Freezing is a common food preservation method that is used by almost everyone, gourmet chef or not. It works with lower temperatures and reaction rates, preventing the proliferation of bacteria and other microorganisms. The early concept of freezing food was brought about by Clarence Birdseye in the 1920's thanks to his desire to get fresh food, whatever season of the year it was. His observation of how fish were preserved in the Arctic has lead to modern day freezing. This common kitchen technique retains nutrients in food as well as provides an avenue for quick meals.
However, in the world of molecular gastronomy, freezing does more than just preserve food. It serves as cooking technique that provides a unique way of presenting dishes. Better known as flash freezing, this modern cuisine technique involves the use of very low temperatures to quickly freeze food. First used in El Bulli restaurant, it has lead to the creation of many diverse dishes.
This technique of freezing allows liquids to be frozen completely or partially. As a result it is possible to create fluid filled frozen dishes with solid outer shells. The process of rapid freezing is done with the use of a cryogenic system. Liquid nitrogen is a common tool used in the process of flash freezing due to its extremely low temperatures and cooling properties. The liquefied gas reacts with the food that it comes into contact with and results in the formation of small crystals that solidifies food without affecting taste.
Serving as a coolant, liquid nitrogen is not used as an ingredient so it is not ingested by diners. In cases where the liquid nitrogen is mixed into foods such as cream, it quickly evaporates into the air. Due to the properties of liquid nitrogen, care is needed when using it for freezing. Special equipment such as an anti grill or anti-griddle can be used alongside this modern cuisine cooking tool.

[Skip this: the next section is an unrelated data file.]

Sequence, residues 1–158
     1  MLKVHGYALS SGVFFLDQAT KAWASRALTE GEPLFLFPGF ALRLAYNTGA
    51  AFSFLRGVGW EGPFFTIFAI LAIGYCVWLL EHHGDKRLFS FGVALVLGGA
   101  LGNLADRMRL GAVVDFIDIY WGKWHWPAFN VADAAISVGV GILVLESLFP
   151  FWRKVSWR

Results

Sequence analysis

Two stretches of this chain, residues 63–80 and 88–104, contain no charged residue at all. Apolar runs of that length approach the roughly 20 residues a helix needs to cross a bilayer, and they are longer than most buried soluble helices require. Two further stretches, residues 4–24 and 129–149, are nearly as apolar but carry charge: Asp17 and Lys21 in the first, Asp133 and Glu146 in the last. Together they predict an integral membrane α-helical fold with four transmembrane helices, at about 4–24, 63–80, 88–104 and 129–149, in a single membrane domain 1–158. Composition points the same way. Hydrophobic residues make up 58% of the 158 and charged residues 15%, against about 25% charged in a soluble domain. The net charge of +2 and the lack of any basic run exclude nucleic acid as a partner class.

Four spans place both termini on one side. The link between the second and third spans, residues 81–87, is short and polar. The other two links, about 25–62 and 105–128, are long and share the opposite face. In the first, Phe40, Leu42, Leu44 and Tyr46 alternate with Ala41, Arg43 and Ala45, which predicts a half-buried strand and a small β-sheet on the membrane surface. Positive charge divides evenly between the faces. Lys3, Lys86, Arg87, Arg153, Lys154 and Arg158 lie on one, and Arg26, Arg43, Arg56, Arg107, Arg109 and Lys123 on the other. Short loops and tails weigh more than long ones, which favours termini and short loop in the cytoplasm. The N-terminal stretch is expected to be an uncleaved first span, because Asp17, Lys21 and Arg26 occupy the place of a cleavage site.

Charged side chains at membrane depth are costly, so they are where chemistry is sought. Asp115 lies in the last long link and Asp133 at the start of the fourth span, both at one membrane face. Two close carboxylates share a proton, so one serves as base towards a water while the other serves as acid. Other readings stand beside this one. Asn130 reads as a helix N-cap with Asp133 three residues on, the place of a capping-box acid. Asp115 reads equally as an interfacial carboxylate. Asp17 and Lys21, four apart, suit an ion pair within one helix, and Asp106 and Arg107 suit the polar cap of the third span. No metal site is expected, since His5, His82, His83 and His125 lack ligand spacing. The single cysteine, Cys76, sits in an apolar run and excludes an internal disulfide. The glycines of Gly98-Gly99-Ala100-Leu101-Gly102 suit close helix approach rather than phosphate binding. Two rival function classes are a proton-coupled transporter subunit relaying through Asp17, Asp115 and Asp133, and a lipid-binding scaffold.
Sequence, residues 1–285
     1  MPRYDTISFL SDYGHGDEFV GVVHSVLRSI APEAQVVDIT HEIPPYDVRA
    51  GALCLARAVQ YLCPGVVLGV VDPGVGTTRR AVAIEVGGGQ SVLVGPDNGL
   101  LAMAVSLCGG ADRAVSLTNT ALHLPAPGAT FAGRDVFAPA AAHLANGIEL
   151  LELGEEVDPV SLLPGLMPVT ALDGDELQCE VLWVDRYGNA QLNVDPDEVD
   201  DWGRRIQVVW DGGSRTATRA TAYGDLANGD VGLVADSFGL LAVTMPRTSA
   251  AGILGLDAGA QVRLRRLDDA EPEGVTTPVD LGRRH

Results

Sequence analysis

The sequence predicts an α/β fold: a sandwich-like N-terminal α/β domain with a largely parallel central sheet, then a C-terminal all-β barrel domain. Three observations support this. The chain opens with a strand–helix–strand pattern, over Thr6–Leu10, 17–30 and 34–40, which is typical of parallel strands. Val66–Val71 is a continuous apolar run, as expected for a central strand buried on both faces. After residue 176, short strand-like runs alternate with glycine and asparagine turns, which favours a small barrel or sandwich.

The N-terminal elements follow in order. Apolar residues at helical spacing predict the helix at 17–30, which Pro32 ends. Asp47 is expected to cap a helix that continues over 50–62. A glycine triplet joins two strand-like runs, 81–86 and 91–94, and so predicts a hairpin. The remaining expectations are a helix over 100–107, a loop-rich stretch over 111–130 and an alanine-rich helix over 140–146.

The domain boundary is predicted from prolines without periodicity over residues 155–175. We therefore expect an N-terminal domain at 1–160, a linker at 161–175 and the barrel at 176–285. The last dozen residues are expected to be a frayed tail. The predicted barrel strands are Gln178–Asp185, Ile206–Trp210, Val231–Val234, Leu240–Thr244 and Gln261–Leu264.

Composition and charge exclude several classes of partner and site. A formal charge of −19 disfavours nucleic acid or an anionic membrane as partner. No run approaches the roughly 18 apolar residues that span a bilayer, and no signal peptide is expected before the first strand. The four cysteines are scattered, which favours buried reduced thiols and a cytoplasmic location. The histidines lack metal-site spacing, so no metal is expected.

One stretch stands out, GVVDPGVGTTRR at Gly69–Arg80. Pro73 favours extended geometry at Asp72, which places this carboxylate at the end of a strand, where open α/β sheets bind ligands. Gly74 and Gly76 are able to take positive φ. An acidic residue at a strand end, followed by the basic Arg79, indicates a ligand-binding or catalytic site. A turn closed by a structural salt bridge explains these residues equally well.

Uses of Freezing in Cuisine
Those who employ the use of freezing in modern cuisine will observe a number of benefits brought about by this technique. The following are just some of the ways that this technique can be used to enhance dishes and dining experience.
Creativity with Freezing
There is no doubt that the use of cold temperatures for cooking brings about a whole new approach to food. As previously mentioned, it is possible to create dishes which are solid on the outside and liquid on the inside. This is a different way to serve food be it for desserts, appetizers, soups, salads or even a main course. Aside from this, freezing makes it possible to create intricate decorations that can be used as garnishes for dishes. The employment of freezing can also be observed in food presentations where "smoking" dishes are served.
Texture with Freezing
With the different characteristics of frozen dishes it becomes possible to bring together different textures. Diners can experience eating something that is both solid and liquid at the same time, creating a different experience in the mouth. More than just being solid, the shells of frozen food may be crunchy and delicate. On the inside liquids may be creamy, rich or light and flowing. Flash freezing can also be used to create fine powders or to quickly breakdown food. Frozen ingredients can be delicate and will shatter quickly under force producing pieces or even a fine powder.
Taste with Freezing